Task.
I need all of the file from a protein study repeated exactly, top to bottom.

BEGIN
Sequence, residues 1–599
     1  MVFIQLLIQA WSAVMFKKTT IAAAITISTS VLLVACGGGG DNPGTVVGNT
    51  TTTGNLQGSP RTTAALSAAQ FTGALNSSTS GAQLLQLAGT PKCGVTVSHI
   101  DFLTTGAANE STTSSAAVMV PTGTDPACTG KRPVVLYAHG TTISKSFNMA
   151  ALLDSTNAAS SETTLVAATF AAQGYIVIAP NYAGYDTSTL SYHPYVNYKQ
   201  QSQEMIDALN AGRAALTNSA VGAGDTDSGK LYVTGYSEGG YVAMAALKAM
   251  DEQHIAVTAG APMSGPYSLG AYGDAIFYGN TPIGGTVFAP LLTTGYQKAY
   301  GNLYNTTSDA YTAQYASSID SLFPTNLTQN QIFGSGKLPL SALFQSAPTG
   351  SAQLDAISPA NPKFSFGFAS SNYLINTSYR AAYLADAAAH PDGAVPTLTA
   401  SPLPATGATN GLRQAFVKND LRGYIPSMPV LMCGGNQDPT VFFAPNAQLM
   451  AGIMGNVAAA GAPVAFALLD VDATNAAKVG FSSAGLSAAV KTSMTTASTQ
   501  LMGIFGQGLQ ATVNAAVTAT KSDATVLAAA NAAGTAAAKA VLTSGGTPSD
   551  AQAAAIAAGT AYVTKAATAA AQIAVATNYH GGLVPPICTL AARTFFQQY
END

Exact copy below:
Sequence, residues 1–599
     1  MVFIQLLIQA WSAVMFKKTT IAAAITISTS VLLVACGGGG DNPGTVVGNT
    51  TTTGNLQGSP RTTAALSAAQ FTGALNSSTS GAQLLQLAGT PKCGVTVSHI
   101  DFLTTGAANE STTSSAAVMV PTGTDPACTG KRPVVLYAHG TTISKSFNMA
   151  ALLDSTNAAS SETTLVAATF AAQGYIVIAP NYAGYDTSTL SYHPYVNYKQ
   201  QSQEMIDALN AGRAALTNSA VGAGDTDSGK LYVTGYSEGG YVAMAALKAM
   251  DEQHIAVTAG APMSGPYSLG AYGDAIFYGN TPIGGTVFAP LLTTGYQKAY
   301  GNLYNTTSDA YTAQYASSID SLFPTNLTQN QIFGSGKLPL SALFQSAPTG
   351  SAQLDAISPA NPKFSFGFAS SNYLINTSYR AAYLADAAAH PDGAVPTLTA
   401  SPLPATGATN GLRQAFVKND LRGYIPSMPV LMCGGNQDPT VFFAPNAQLM
   451  AGIMGNVAAA GAPVAFALLD VDATNAAKVG FSSAGLSAAV KTSMTTASTQ
   501  LMGIFGQGLQ ATVNAAVTAT KSDATVLAAA NAAGTAAAKA VLTSGGTPSD
   551  AQAAAIAAGT AYVTKAATAA AQIAVATNYH GGLVPPICTL AARTFFQQY